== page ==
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Grades 10-12, Unit 3

Climate Change in My Backyard Activity Guide

Unit 3: Earth system responses to natural and human-induced changes

In Unit 3, students learn how living things and ecosystems respond to and are impacted by changing climates. Students learn about how plant life-cycle events can be used to understand climate and how they have been used in the past. They participate in Project BudBurst, a national citizen science project, and study how changing climates impact the timing of plant life-cycle events. Students explore the impacts of changing climates on plant migration by calculating seed dispersal rates for a variety of plant species and predicting whether they will be able to migrate quickly enough to keep pace with changing climates.

Activity 3.1: Preparing for Project BudBurst
This activity serves as an introduction to phenology and project BudBurst, and will prepare students to start collecting data. In this activity students learn how to use the Project BudBurst website, begin to collect and record data on plant phenology, and add that data to the Project BudBurst database (data collection will be ongoing throughout the rest of the curriculum).

NOTE: BudBurst data collection can begin at any point in the curriculum. Before you begin data collection, implement Activity 3.1: Preparing for Project BudBurst and continue making observations as often as possible so students are able to observe each phenological event.

  1. Introducing Project BudBurst: Students are introduced to the concept of phenology, the timing of periodic life cycle events. Students begin by discussing life cycles of organisms and the environmental factors that can impact those cycles.
  2. Plant ID and Dichotomous Keys: Students make observations of plants unfamiliar to them, create a field guide for their plants, and practice identifying other plants by using their classmates' field guides. Students then learn how to use a dichotomous key to identify plants, and use the keys to identify the plants that they will be collecting data on for Project BudBurst. This is an outdoor activity, but can also be done inside on collected or purchased flowers/plants.
  3. BudBurst Data Collection: Students collect data on their chosen plant species throughout the growing seasonand enter it into the BudBurst website over a period of weeks or months. Students can write the data on the BudBurst data collection sheets Plant ID sheets and phenophase guides are available on the BudBurst website.

Activity 3.2: Impacts of Climate on Forest Succession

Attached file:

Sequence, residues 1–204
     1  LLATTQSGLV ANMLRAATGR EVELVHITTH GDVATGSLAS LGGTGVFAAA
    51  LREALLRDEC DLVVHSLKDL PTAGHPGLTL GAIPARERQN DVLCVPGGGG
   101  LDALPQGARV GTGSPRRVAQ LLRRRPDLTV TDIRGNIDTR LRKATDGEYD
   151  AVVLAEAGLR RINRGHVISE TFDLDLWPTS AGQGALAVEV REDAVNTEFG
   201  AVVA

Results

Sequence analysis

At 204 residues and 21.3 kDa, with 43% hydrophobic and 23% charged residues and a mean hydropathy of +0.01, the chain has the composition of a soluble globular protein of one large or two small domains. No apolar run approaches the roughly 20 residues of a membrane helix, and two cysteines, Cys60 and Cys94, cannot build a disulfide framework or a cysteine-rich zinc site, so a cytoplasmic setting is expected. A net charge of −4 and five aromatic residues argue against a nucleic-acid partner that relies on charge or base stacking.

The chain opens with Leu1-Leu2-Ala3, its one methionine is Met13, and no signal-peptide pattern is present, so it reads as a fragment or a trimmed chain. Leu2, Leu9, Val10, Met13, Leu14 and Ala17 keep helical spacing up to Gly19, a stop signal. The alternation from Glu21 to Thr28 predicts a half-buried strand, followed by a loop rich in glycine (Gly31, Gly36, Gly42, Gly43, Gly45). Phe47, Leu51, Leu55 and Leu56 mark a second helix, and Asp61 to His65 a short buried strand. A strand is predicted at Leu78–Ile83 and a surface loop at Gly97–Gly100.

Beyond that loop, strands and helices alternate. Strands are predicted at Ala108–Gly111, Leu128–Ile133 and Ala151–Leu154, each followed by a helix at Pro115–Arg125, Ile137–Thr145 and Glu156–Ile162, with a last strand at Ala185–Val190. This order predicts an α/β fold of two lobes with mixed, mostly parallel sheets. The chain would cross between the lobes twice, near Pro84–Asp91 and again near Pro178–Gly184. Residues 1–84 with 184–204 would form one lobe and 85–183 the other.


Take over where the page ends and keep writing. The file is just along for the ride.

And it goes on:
1. Tree Identification Activity – See the Forest for the Trees: Students learn how to identify the most common trees found in a local forest using a dichotomous key. They explain and identify common tree features such as leaf arrangement (opposite vs. alternate), leaf complexity (simple vs. compound), leaf shape, and leaf margins. This activity is in preparation for part 2, a study of local forest succession. Students practice identifying leaves on trees around their school.
  2. Is the Environment Really Changing? A Study of Local Forest Preserve Succession: Students describe and give examples of the progression of several stages for a local environment such as a forest preserve or an old field. Students collect data on the species distribution for an area and based on that data predict past and future species composition of a local environment. Students use basal area, relative density, relative dominance, and other importance values for each plant species to determine how the forest is changing and how natural succession may be impacted by a changing climate.

Activity 3.3: Climate and Forest Ecosystem Services
This activity ties the concepts of ecosystem services and climate change to the forest succession activity. Students will learn about climate sequestration, and brainstorm what types of trees can sequester the most carbon.

Activity 3.4: Plant Phenology Data Analysis

  1. Historical Phenology Data: Students will learn the story behind more than 150 years of plant phenology data collected in Concord, Massachusetts. Then, they graph plant phenology data and draw conclusions about how climate and climate change affect plant phenology.
  2. Graphing Historical Data: Students graph plant phenology data and draw conclusions about how climate and climate change affect plant phenology.
  3. Explaining the Variation: Students will determine if the variation in first flowering date in Concord, Massachusetts, can be explained by temperature (maximum, minimum, or mean) or precipitation (annual rainfall).
  4. BudBurst and NASA Green-up Data: Students review and compare historical data and their BudBurst data, to NASA Normalized Difference Vegetation Index (NDVI) visualization and graphs. Students will discuss how BudBurst can contribute to our understanding of plants' responses to climate change.